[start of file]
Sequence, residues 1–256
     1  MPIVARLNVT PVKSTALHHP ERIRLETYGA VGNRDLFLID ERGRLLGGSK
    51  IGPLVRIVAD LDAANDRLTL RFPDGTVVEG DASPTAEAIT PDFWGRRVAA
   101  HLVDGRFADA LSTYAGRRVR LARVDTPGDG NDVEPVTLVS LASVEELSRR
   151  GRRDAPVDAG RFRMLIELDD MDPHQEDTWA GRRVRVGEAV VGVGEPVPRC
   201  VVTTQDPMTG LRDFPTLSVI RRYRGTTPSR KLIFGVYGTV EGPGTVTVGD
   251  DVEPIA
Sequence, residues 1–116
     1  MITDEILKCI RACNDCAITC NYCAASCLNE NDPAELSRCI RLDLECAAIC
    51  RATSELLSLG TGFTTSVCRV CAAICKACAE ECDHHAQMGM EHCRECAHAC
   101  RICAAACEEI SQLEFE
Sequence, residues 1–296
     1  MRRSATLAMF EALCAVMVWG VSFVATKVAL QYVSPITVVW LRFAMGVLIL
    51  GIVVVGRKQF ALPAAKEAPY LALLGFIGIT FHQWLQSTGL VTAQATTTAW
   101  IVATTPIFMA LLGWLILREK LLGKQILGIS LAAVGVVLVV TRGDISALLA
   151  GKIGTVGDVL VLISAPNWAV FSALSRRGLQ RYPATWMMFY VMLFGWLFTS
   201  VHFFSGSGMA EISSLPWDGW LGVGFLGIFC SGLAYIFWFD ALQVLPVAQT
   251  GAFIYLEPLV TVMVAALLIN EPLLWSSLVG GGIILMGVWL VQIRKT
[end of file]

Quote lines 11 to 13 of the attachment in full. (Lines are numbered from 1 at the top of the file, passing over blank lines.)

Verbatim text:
   101  RICAAACEEI SQLEFE
Sequence, residues 1–296
     1  MRRSATLAMF EALCAVMVWG VSFVATKVAL QYVSPITVVW LRFAMGVLIL